GeGeGe no Kitarō
by Rebecca Silverman,
How would you rate episode 47 of
GeGeGe no Kitarō (TV 2018) ?
An Astrid Lindgren novel I read a long time ago had one character making a list entitled “If I Ever Get Rabies, These are the People I'm Going to Bite.” Well, my own version of that list is now one fictional person longer with the very firm addition of Nanashi, or “John Dou,” as he goes by this week, as things take a very grim turn for GeGeGe no Kitaro.
Nanashi has been playing a long game. That's meant that he's done some fairly awful things before, but now that he's moving into his endgame, the gloves are well and truly off. He wants to end the world, as he's been telling us right along, and for that he needs people to fall into despair. What better way than with some judiciously applied death?
Whether this was the plan he was working towards all along isn't clear (although I wouldn't put it past him), with this week's moves he truly may have pushed Mana over the edge. Not to beat around the bush, through Nanashi's machinations, this week sees the death of Cat Girl at Mana's hands after she witnessed her yokai friend kill her mother. Mana's action was completely unintentional, of course; she can't control what Nanashi's four characters make her do in terms of releasing power. Likewise Cat Girl didn't know that she was attacking Mana's mom because of Nanashi's magic – she thought it was a banshee-like yokai. But because of Nanashi now two characters are, if not all dead, then very definitely mostly so, and Mana's carrying that blame around – just like he wanted.
Whether he's on your personal rabies list or not, it's hard not to admit that Nanashi has played his hand very well. Previous to Backbeard's entry on the scene he largely kept to the shadows, chortling to himself in darkness without tipping his hand overmuch. That changed when the western yokai were defeated and he got the fourth symbol onto Mana, which allowed him to force her power out. This week proves that he hasn't just been lurking in those concealing shadows doing nothing, because his John Dou persona is the head of a new social media app that seems to be a LINE/YouTube combination – both things that have shown up repeatedly in the series as evidence of human folly. With Nanashi taking control of those particular platforms for fearmongering and false information, he's essentially highjacked humans' good sense; with the internet novelist Terry Pratchett's observation that a lie can be halfway around the world before the truth has its pants on becomes even more true. That's what Nanashi is banking on (literally, assuming he's getting revenue from OMEGA), and he immediately begins by playing on old fears about Ubume, a baby-snatching yokai. (In one incarnation; it's worth noting that Ubume also appears as a bloody pregnant woman as the spirit of a woman who died in childbirth.) When he encourages a specific Ootuber to film yokai and the nation sees Kitaro saving all of the babies Ubume kidnapped, yokai-mania takes hold. But when neglectful parents later take advantage of the Ubume legend (as Nanashi may have reasonably expected them to do), things go south quickly, prompting Cat Girl to try to solve the problem on her own. Whether or not Nanashi planned on it being Cat Girl or Kitaro, it certainly does seem that he was gunning for one of Mana's yokai friends in order to take his plan to the next level.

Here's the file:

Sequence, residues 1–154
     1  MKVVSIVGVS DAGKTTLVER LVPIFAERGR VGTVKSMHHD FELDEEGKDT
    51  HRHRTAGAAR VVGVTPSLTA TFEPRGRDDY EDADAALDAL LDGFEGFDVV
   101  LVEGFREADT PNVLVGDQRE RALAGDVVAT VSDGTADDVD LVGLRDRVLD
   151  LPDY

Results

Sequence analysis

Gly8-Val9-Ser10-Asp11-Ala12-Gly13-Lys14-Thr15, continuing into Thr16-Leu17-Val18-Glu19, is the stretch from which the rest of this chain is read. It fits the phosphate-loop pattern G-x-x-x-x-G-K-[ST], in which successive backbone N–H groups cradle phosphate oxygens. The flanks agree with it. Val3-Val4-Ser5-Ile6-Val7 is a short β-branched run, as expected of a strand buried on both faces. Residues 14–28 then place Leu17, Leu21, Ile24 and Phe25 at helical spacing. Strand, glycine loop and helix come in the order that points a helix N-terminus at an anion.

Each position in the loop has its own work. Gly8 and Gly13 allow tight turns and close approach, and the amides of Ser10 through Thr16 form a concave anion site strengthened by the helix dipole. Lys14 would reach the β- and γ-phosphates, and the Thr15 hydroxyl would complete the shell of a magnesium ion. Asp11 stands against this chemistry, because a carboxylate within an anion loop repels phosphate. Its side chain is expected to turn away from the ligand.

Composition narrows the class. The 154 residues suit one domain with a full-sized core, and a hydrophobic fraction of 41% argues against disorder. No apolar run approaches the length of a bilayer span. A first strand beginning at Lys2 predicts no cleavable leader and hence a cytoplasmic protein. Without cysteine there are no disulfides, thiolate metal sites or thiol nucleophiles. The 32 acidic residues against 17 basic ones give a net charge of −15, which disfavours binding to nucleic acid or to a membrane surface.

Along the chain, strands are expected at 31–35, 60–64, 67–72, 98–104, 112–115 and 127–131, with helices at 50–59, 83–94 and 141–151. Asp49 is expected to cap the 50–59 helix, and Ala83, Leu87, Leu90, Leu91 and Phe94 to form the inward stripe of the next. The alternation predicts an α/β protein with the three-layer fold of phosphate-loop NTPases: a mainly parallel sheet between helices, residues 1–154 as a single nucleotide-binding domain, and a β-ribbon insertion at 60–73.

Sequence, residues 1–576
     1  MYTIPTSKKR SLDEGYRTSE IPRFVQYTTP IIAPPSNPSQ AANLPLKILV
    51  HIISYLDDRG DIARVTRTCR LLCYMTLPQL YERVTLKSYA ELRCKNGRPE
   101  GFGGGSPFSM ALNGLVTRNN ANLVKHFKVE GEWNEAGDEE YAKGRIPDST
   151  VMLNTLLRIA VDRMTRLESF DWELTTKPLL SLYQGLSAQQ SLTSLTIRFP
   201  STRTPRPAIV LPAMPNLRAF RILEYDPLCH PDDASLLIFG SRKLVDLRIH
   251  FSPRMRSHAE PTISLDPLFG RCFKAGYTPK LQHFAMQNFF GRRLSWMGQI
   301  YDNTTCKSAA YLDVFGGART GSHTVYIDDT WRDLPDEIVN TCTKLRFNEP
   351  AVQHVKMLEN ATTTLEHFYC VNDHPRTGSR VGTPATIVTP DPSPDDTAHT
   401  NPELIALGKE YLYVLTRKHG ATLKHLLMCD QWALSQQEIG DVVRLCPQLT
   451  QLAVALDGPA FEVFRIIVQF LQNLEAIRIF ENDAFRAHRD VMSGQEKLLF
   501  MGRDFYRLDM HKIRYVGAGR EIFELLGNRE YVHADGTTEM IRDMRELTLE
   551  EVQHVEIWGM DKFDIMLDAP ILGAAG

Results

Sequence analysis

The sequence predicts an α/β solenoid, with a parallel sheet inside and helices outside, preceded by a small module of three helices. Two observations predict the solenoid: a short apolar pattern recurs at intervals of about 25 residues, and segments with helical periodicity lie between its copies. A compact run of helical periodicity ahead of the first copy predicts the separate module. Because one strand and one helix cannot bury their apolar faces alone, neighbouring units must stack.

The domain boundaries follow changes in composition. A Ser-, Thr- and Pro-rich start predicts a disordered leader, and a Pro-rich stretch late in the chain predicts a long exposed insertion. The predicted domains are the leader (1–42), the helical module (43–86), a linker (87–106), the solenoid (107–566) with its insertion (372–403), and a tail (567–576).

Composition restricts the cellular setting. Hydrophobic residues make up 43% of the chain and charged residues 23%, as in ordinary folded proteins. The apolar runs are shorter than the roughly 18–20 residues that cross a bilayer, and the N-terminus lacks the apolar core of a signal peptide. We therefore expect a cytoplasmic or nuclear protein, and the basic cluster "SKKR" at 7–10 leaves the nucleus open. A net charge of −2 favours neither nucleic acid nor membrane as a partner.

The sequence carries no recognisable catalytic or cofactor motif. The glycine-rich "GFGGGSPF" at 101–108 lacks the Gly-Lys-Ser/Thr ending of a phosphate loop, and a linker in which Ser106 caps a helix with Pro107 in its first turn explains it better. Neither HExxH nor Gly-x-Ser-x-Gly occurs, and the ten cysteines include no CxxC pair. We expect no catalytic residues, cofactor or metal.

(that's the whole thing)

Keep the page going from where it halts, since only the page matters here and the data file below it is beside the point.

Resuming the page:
And so here we are. It's not a great place to be, story-wise. While Mana's mother may survive, we've never seen a yokai come back from having their soul erased, as happens when Mana's power is used, and all of the guilt Cat Girl felt at encouraging friendship with the girl has now been transferred to her human pal. Mana doesn't believe that yokai are evil, but now she's seen something that may indicate that they are, and she might reasonably be afraid to see Kitaro after what she's (inadvertently) done. That would leave her suffering all alone, unable to confide in her human friends or her father, and that's what Nanashi needs: a Mana with no hope left. It would be a really great time for Agnes to drop by for a visit as the one person who might be able to help with this mess, but more likely it will fall to Mana and Kitaro, with Daddy Eyeball's counsel, to see what can be done.
Meanwhile we'll just have to hope. Thus far the show has avoided being part of the Bridge to Terabithia school of children's literature. I wouldn't want it to start now.
GeGeGe no Kitarō is currently streaming on Crunchyroll.
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